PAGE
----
Comcast Building a Nationwide WiFI Network

Photo(Jim Hood @ ConsumerAffairs) Those cable companies are sneaky, all right. They're always trying to put one over on us. Take Comcast. It's not content just to buy NBC and Time Warner, now it's setting up little neighborhood wi-fi networks in places you'd never imagine.

Like your back yard.

Yep, big bad Comcast has been quietly bringing wireless broadband to neighborhoods all over America. Besides providing a private, password-protected network inside your home, the company's newest Xfinity routers automatically set up a second wi-fi network -- wide open and available for anyone within range.

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The company emphasizes that these are two separate networks. What goes on on the second public network won't affect your download speeds or impinge on your privacy in any way. 

"They'll look like two separate networks and they'll act like two separate networks," said Tom Nagel, who heads the Xfinity Wi-Fi initiative for Comcast, according to The Chicago Tribune. "Any use on the public side doesn't impact the private side."

Tipping point

The program has been conducted quietly so far in test markets around the country but Comcast has gone public in Chicago, which local boosters say could be the tipping point for making Comcast the biggest national operator of neighborhood wi-fi networks.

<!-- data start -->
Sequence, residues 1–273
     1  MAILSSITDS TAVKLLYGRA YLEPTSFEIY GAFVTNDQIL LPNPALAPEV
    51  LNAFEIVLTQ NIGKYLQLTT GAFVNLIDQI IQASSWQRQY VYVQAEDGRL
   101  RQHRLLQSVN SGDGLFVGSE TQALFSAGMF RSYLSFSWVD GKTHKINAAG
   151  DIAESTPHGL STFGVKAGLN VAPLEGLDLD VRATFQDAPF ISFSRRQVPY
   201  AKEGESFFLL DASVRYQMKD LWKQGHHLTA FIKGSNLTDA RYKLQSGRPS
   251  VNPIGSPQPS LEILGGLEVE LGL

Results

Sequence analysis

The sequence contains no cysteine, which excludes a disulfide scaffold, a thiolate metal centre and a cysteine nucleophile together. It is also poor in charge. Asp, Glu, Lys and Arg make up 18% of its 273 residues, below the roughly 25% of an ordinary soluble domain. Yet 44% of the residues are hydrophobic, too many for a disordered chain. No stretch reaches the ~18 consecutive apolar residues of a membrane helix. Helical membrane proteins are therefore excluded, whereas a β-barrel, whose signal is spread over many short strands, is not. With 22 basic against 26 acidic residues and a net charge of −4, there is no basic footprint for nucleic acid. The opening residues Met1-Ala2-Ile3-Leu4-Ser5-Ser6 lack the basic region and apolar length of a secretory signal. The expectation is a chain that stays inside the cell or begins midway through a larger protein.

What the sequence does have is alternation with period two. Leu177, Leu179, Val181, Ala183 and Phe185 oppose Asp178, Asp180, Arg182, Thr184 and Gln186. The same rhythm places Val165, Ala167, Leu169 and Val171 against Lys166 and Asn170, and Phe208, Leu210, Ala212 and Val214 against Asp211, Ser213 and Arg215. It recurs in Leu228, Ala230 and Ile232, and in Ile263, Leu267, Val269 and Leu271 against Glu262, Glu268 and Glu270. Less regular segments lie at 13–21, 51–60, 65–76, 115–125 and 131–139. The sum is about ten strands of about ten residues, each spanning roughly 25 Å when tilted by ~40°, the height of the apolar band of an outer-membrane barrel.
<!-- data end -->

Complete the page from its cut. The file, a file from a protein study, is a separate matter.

Demand for wi-fi has been steadily growing as smartphone and tablet users look for a cheaper alternative to costly cellphone broadband networks. Deploying cheap or even free wi-fi is a way for the cable companies to put a dent in Verizon, AT&T and Sprint and building the basis for customer loyalty programs. 

The neighborhood networks are free to Xfinity subscribers. Nonsubscribers will get two free hours a month; beyond that, they can access Xfinity Wi-Fi on a per-use basis. Rates run from $2.95 per hour to $19.95 per week, according to Comcast.

Travel freely

Xfinity subscribers will be able to travel freely without having to log in and out as they move from one hot spot to another, so that in time the network may grow to rival the cellular telephone networks, which are much more expensive to build and maintain.

Comcast has said it is closing in on having 1 million hot spots nationwide. Best of all, from Comcast's standpoint, is that the build-out is virtually free. The consumer provides the electricity for the router and the circuit already exists, so the only capital expense is the router. 

Slick, no?